Famsville Solicitors

Financing Model Options for Start-Ups in Nigeria and key legal considerations

It is a notorious fact that most business ideas never make it to the market, mostly because of lack of funds. The inability to get the needed funds to kickstart a business or to sustain it is the biggest challenge for most entrepreneurs in Nigeria and across the world. While the availability of funds does not guarantee a successful business venture, the absence of funds will certainly get the business nowhere.

In this article, we discuss some of the financing options available to start-ups in Nigeria, highlighting the pros and cons of each and the factors a start-up should consider before exploring any of them. This is essential because choosing the right source of capital is a decision that will influence a company for a lifetime

Jurisdiction of the National Industrial Court in maritime labour claims: A Review of the court of appeal decision in MT SAM PURPOSE V AMARJEET SINGH BAINS

On the 5th of March 2021, the Court of Appeal of Nigeria, Lagos Division, delivered a landmark judgment in the case of MT Sam Purpose (Ex MT. Tapti) & Anor v Amarjeet Singh Bains & 6 Ors (“MT Sam Purpose v Amarjeet Singh Bains”).[1]The appeal arose from the ruling of the Federal High Court (“FHC”), Lagos Division delivered on 22nd May, 2020.[2] In resolving the primary issue before the Court of Appeal, that is, which Court between the Federal High Court (“FHC“) and the National Industrial Court (“NIC”) has exclusive jurisdiction over maritime labour claims, the Court of Appeal relied on the provisions of the Constitution of the Federal Republic of Nigeria 1999 (as amended) (“Constitution”), the Admiralty Jurisdiction Act (“AJA”), the Merchant Shipping Act (“MSA”), the Labour Act and judicial precedence to hold that the NIC is the Court vested with exclusive jurisdiction to entertain maritime labour claims bordering on the wages of crew members and or seamen.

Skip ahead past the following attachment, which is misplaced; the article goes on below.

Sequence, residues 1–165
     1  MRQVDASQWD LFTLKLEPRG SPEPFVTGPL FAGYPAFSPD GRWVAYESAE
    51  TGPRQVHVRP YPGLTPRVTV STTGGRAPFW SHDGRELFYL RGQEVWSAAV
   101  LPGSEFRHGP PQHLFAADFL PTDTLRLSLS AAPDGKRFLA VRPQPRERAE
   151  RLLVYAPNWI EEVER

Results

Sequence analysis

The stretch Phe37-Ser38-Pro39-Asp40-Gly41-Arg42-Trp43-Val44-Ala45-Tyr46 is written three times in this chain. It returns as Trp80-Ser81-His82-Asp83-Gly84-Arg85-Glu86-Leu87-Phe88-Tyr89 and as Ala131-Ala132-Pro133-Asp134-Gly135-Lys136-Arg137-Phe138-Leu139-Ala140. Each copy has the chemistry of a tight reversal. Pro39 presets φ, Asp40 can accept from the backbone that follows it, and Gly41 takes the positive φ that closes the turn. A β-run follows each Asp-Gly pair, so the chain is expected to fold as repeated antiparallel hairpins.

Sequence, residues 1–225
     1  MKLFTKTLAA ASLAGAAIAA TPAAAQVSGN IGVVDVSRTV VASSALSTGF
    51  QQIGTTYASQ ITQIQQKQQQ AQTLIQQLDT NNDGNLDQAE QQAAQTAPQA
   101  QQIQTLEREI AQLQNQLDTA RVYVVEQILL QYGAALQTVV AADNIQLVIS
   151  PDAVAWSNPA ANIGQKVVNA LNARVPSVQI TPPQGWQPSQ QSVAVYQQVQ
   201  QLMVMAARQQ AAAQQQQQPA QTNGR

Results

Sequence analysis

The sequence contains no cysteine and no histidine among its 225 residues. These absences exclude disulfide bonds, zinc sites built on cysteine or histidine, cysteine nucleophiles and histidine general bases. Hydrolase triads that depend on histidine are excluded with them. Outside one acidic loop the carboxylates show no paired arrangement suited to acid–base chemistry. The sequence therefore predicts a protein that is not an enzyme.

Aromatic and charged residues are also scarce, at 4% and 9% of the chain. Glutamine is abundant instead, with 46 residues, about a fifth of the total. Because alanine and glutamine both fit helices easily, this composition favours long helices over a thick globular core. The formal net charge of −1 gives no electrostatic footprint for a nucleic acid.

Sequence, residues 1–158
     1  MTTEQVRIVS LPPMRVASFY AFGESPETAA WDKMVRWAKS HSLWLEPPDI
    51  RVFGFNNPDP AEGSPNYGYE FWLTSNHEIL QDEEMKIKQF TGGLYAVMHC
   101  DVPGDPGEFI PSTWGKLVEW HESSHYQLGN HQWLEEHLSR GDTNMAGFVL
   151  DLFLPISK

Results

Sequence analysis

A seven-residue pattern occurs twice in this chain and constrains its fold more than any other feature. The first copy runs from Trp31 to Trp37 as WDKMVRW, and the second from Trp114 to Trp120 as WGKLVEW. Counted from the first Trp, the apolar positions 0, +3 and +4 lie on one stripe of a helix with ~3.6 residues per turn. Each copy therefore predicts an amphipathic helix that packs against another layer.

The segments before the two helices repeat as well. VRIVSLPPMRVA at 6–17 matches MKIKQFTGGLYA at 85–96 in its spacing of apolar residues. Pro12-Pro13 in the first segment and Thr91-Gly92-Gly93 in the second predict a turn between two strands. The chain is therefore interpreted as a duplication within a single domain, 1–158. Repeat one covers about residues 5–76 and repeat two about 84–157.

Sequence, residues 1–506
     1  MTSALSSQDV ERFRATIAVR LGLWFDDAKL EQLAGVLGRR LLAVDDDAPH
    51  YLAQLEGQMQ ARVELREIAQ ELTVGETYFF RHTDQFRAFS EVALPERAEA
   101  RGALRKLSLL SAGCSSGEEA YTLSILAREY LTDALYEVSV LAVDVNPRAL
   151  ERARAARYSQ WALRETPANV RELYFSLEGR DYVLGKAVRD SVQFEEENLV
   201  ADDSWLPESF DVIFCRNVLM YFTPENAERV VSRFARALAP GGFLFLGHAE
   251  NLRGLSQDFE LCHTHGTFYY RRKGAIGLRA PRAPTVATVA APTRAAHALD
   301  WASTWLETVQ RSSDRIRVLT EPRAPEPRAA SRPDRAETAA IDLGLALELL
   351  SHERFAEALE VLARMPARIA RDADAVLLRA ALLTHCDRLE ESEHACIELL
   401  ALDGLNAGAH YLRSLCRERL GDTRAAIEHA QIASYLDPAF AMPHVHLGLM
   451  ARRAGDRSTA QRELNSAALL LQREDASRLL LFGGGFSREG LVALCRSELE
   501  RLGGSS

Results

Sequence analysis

This decision has generated a lot of controversies and heated debates among labour and maritime practitioners and has brought to the front burner the need for a re-examination of the jurisdictional scope of the above-named Courts in the light of constitutional provisions, particularly as it relates to maritime labour claims.

Before delving into the facts of MT Sam Purpose v Amarjeet Singh Bains and a review of the judgment, it is important to briefly discuss jurisdiction in maritime labour claims.

REMOVAL OF DIRECTORS OF FIRST BANK OF NIGERIA LIMITED: AN ANALYSIS OF THE ACTION TAKEN BY THE CENTRAL BANK OF NIGERIA

On the 29th of April, 2021, the Central Bank of Nigeria (“ CBN”), the apex regulatory body for banks and other financial institutions in Nigeria created under the CBN Act 2007 (“CBN Act”),[1] announced the removal of all the directors of First Bank of Nigeria Limited (“FBN”) and its holding company, FBN Holdings Plc (“FBN Holdings”). The CBN also re-appointed 14 out of the 21 directors affected by the removal to form a new board of directors for the two institutions and reinstated the removed Managing Director/Chief Executive Officer of FBN (“MD/CEO”), Dr. Adesola Adeduntan.[2]

This action raises important legal issues, which will be addressed in this article, especially with regards to the regulatory powers of CBN to make decisions concerning the constitution of the board of directors of financial institutions in Nigeria.


OVERVIEW OF THE CONCEPT OF RECOVERY OF PREMISES UNDER TENANCY LAW OF LAGOS STATE

The procedure for the recovery of premises is generally regulated by statute. In the absence of any separate agreement with respect to period of notice to be given to a tenant, a landlord is expected to comply with the provisions of the Lagos State Tenancy Law especially in terms of notice before he can recover his premises from a tenant, and going contrary implies that such eviction is invalid. In Lagos State, the following laws govern recovery of premises:

  1. Lagos State Tenancy Law 2011;
  2. Rent Control and Recovery of Residential Premises Edict No. 6, 1997 of Lagos State;
  3. Recovery of Premises Law, Cap. 118, Laws of Lagos State 1973; and
  4. Magistrate Court Law, Laws of Lagos State 2009.